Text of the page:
Executive and leadership teams have an objective to reduce median pay gaps by 2% year on year (both for gender and ethnicity). For the year to March 2022, which is the most recently published data, the median gender pay gap for the organisation stood at 27.6% and the median ethnicity pay gap at 27.3%.
Ethnically diverse employees as of March 2023 made up 14.9% of employees generally in British Land (up from 12.5% in 2021). In the FTSE women leaders recent survey published in Feb 2023, the company’s women made up 33.9% of leadership positions (the executive committee and direct reports) and 40% of the board.
In December, too, the company was ranked the top property company (and 16th overall) in the Social Mobility Foundation’s index of the top 75 UK employers taking action to improve social mobility in the workplace.
A lot of this activity is, again, driven through data and analytics but, crucially, also by ensuring that data, once collected, is tangibly acted upon, stresses McKeown.
“For example, we are launching our learning and development portal. The first slide says ‘78% of you said you had the right access to the learning to do your job’, x% of you said what you’re not quite sure about career progression. So, we’re trying all the time to go back to, ‘you said, we did’,” she points out.
“Last year, too, our employee survey said that people thought our benefits had fallen behind the market. We benchmarked and the answer was that, basically, they hadn’t at all. But the perception had. And that was because we weren’t making it easy for people to see everything they had. We had different bits of the business with slightly different historical terms; we’d been a bit embarrassed about being really transparent about exactly what was where.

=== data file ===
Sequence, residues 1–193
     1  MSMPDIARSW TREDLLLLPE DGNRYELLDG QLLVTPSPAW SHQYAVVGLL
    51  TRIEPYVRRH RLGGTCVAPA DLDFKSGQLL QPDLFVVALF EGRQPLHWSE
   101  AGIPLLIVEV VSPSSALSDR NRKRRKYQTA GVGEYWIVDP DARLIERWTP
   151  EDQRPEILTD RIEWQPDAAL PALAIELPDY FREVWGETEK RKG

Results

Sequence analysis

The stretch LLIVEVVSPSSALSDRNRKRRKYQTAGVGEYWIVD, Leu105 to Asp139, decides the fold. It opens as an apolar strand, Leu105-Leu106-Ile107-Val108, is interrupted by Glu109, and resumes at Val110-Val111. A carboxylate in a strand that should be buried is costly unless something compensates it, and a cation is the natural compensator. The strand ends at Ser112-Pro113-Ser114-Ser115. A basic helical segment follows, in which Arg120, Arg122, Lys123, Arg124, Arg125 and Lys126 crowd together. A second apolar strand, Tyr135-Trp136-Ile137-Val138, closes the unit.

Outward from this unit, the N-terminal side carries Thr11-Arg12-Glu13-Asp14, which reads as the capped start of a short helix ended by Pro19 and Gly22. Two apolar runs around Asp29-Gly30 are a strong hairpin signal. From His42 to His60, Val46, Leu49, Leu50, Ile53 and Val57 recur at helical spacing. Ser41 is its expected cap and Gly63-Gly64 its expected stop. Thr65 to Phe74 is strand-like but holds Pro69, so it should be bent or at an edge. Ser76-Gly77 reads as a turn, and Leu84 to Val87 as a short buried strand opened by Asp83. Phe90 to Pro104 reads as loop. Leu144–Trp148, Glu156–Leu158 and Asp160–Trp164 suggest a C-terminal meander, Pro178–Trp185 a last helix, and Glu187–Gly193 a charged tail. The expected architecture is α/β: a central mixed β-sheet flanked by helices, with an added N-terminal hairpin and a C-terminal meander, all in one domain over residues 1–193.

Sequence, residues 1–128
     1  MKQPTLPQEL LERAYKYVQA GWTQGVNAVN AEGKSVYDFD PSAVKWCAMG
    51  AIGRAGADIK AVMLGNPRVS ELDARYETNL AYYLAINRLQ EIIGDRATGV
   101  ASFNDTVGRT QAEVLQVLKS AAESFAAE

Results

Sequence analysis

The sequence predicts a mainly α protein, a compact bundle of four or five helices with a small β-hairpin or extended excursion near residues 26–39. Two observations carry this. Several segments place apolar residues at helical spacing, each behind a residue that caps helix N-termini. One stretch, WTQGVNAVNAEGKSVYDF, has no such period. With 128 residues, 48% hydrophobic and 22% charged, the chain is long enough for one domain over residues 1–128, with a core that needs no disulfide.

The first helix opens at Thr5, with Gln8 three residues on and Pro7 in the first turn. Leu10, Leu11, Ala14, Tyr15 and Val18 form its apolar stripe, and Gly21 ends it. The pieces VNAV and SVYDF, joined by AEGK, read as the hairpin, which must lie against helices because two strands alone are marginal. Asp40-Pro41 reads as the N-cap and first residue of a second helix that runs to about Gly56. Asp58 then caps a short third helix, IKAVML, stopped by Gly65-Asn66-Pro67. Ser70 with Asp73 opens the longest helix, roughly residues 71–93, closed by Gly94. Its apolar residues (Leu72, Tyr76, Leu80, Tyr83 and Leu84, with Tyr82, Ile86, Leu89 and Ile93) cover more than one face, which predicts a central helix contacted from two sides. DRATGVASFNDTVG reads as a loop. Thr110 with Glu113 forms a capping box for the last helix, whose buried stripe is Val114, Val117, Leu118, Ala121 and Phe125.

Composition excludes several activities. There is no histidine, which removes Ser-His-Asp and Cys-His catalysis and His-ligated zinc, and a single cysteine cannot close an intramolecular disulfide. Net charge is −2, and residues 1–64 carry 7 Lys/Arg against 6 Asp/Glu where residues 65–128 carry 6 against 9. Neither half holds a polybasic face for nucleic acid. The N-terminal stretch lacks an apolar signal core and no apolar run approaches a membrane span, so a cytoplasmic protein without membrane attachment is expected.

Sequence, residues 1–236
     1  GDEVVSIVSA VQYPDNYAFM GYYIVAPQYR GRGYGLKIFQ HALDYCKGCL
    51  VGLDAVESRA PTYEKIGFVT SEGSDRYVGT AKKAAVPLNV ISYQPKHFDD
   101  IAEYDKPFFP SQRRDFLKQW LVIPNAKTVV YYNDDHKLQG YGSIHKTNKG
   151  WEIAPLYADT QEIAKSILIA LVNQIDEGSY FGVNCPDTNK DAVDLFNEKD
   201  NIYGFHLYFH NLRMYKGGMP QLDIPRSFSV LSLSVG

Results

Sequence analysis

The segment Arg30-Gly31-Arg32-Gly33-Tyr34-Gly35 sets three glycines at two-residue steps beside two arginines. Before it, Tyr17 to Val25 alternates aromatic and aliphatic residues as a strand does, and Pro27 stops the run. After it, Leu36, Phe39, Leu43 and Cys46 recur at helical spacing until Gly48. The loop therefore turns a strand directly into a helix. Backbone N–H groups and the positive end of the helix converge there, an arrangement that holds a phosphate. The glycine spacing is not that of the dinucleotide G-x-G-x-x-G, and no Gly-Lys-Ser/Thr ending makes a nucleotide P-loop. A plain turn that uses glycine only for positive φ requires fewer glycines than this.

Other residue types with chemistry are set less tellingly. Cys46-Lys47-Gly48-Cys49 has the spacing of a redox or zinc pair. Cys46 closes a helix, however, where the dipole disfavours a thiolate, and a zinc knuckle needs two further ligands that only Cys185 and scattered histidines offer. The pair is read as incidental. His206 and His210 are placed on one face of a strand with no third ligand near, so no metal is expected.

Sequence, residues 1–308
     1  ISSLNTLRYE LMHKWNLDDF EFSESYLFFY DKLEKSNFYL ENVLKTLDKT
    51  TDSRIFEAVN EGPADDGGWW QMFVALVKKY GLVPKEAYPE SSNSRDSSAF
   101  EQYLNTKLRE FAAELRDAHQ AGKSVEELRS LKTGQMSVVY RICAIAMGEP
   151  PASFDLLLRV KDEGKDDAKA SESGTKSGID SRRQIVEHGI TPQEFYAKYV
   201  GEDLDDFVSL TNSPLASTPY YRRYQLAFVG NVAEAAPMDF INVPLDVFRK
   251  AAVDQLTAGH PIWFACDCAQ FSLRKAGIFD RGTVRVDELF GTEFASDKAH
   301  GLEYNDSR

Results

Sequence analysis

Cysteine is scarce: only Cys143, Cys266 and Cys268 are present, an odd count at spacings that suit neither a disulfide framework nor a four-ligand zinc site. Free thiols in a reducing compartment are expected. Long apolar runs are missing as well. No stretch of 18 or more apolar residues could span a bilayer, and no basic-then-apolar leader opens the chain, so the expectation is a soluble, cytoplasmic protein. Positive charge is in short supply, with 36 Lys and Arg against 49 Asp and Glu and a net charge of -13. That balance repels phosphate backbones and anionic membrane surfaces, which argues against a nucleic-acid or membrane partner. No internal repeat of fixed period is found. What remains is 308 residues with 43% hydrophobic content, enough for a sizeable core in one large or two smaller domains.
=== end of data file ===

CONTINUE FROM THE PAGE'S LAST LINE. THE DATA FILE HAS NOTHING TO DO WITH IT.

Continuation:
“Now we have a page on our HR site where the tiles are all there on one page. So nobody has any excuse for going ‘well I don’t know what I’ve got and it’s too hard to find’. And that was a direct result of the survey.
“You just have to keep reinforcing it; and it is the same with EDI. Our strategy document is really, really rich – but people forget it’s there. We must keep reminding people; we have people leaving and new people coming in, so you have to keep reminding them of this ‘stuff’ and telling them about the things that we’re doing,” McKeown adds.
Another practical change brought in because of data and feedback was the development of a course called ‘Achieving your full potential’ aimed at women in middle management positions. “It is unashamedly aimed at women because – and I am going to generalise here – culturally women are more, if not universally, inclined to wait for a gap in the meeting rather than barge in. They are more inclined to expect somebody to notice the great work they’re doing rather than shout about it,” says McKeown.
“So, we picked a cohort of 10 women to do a pilot course to help to give that air of assurance and rightness about being there, which is what a lot of women at that grouping seem to struggle with. And the feedback has been fantastic. But is it the silver bullet? Of course it’s not.
“In fact, some of the feedback that has come out of it is that, when people are managing diverse teams, we still need to empower them to recognise that the person who is quiet in a corner may have the most valid points to contribute. It is up to the team leader to pull them in,” she adds.